About the Author
Writer and poet, a born storyteller and master of dialogue, one of the greatest historical novelists, whose favorite subject was his native Scotland. Scott wrote twenty-seven historical novels. His influence is seen among others in the works of James Fenimore Cooper, Alexandre Dumas, and Aleksandr Pushkin.
Walter Scott was born in Edinburgh, as the son of a solicitor Walter Scott and Anne, a daughter of professor of medicine. An early illness - polio - left him lame in the right leg. Six of his 11 brothers and sisters died in infancy. However, Scott grew up to be a man over six feet and great physical endurance.
Scott's interest in the old Border tales and ballads had early been awakened, and he devoted much of his leisure to the exploration of the Border country. His early years Scott spent in Sandy-Know, in the residence of his paternal grandfather. There his grandmother told him tales of old heroes. At the age of eight he returned to Edinburgh. He attended Edinburgh High School (1779-1783) and studied at Edinburgh University arts and law (1783-86, 1789-92). At the age of sixteen he had already started to collect old ballads and later translated into English Gottfried Bürger's ballads 'The Wild Huntsman' and 'Lenore' and 'Goetz of Berlichingen' (1799) from Johann Wolfgang von Goethe's play. Scott was apprenticed to his father in 1786 and in 1792 he was called to the bar. In 1799 he was appointed sheriff depute of the county of Selkirk. After an unsuccessful love affair with Williamina Belsches of Fettercairn - she married Sir William Forbes - Scott married in 1797 Margaret Charlotte Charpentier (or Charpenter), daughter of Jean Charpentier of Lyon in France. They had five children.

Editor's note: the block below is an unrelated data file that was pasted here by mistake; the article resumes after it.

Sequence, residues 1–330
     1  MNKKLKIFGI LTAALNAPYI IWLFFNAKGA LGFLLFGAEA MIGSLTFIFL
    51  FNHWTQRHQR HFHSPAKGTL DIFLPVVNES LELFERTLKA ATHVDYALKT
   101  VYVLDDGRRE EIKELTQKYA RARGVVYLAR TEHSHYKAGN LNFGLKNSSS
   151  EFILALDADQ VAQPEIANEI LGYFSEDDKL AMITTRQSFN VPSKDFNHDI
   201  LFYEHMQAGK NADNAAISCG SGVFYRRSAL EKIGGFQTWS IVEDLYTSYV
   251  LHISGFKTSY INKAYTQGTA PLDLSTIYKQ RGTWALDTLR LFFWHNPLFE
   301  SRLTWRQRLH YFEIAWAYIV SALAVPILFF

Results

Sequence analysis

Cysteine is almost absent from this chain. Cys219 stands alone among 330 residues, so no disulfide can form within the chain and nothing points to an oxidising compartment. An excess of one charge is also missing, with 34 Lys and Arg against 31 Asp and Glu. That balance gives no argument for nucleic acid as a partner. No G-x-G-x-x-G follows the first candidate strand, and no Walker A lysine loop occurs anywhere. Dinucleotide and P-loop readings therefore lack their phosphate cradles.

In 1802-03 appeared Scott's first major work, Minstrelsy of the Scottish Border. As a poet Scott rose into fame with the publication of The Lay of the Last Minstrel (1805) about an old border country legend. He had burned its first version, when his friends did not like it. Scott returned to the poem in 1802, when a horse had kicked him and he spent three days in bed. The Lay of the Last Minstrel became a huge success and made him the most popular author of the day. It was followed by Marmion (1808), a historical romance in tetrameter, set in 1513, and concerning the attempts of Lord Marmion to marry the rich Lady Clare. In 1810 appeared The Lady in the Lake and in 1813 Rokeby. Scott's last major poem, The Lord of the Isles, was published in 1815. Later Thomas Love Peacock (1785-1866) ridiculed in 'The Four Ages of Poetry' Scott, Byron, and the Romantic "Lake Poets" Wordsworth and Coleridge: "While the historian and the philosopher are advancing in, and accelerating, the progress of knowledge, the poet is wallowing in the rubbish of departed ignorance, and raking up the ashes of dead savages to find gewgaws and rattles for the grown babies of the age. Mr.Scott digs up the poachers and cattle-stealers of the ancient border. Lord Byron cruizes for thieves and pirates on the shores of Morea and among the Greek Islands. Mr. Southey wades through ponderous volumes of travels and old chronicles..." Verses from The Lady of the Lake, including 'Hail to the Chief who in triumph advances!" were put to music by James Sanderson (1769-1841) and became the march traditionally played to honor the president of the United States.